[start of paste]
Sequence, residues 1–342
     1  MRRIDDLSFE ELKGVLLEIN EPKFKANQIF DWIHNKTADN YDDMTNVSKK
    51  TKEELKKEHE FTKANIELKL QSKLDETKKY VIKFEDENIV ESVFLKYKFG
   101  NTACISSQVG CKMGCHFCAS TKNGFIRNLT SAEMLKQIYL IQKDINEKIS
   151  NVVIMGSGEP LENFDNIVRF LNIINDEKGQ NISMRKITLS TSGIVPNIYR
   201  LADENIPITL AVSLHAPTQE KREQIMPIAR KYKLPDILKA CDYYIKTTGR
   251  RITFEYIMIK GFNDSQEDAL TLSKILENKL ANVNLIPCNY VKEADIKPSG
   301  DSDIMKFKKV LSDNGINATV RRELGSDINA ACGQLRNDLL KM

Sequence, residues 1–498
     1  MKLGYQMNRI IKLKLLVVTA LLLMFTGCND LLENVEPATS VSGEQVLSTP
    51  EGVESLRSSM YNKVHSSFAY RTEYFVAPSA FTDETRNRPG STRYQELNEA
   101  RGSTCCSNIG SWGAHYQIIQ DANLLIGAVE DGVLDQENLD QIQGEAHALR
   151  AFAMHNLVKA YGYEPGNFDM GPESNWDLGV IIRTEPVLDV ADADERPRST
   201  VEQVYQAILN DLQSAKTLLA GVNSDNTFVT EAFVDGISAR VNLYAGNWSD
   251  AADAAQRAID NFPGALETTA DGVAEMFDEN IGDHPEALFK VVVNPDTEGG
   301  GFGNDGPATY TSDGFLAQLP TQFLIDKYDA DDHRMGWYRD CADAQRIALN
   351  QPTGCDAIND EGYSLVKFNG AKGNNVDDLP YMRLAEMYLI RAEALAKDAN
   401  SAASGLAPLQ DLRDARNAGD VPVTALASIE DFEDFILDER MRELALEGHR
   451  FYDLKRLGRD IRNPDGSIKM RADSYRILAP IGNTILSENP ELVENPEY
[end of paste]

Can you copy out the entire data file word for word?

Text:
Sequence, residues 1–342
     1  MRRIDDLSFE ELKGVLLEIN EPKFKANQIF DWIHNKTADN YDDMTNVSKK
    51  TKEELKKEHE FTKANIELKL QSKLDETKKY VIKFEDENIV ESVFLKYKFG
   101  NTACISSQVG CKMGCHFCAS TKNGFIRNLT SAEMLKQIYL IQKDINEKIS
   151  NVVIMGSGEP LENFDNIVRF LNIINDEKGQ NISMRKITLS TSGIVPNIYR
   201  LADENIPITL AVSLHAPTQE KREQIMPIAR KYKLPDILKA CDYYIKTTGR
   251  RITFEYIMIK GFNDSQEDAL TLSKILENKL ANVNLIPCNY VKEADIKPSG
   301  DSDIMKFKKV LSDNGINATV RRELGSDINA ACGQLRNDLL KM

Sequence, residues 1–498
     1  MKLGYQMNRI IKLKLLVVTA LLLMFTGCND LLENVEPATS VSGEQVLSTP
    51  EGVESLRSSM YNKVHSSFAY RTEYFVAPSA FTDETRNRPG STRYQELNEA
   101  RGSTCCSNIG SWGAHYQIIQ DANLLIGAVE DGVLDQENLD QIQGEAHALR
   151  AFAMHNLVKA YGYEPGNFDM GPESNWDLGV IIRTEPVLDV ADADERPRST
   201  VEQVYQAILN DLQSAKTLLA GVNSDNTFVT EAFVDGISAR VNLYAGNWSD
   251  AADAAQRAID NFPGALETTA DGVAEMFDEN IGDHPEALFK VVVNPDTEGG
   301  GFGNDGPATY TSDGFLAQLP TQFLIDKYDA DDHRMGWYRD CADAQRIALN
   351  QPTGCDAIND EGYSLVKFNG AKGNNVDDLP YMRLAEMYLI RAEALAKDAN
   401  SAASGLAPLQ DLRDARNAGD VPVTALASIE DFEDFILDER MRELALEGHR
   451  FYDLKRLGRD IRNPDGSIKM RADSYRILAP IGNTILSENP ELVENPEY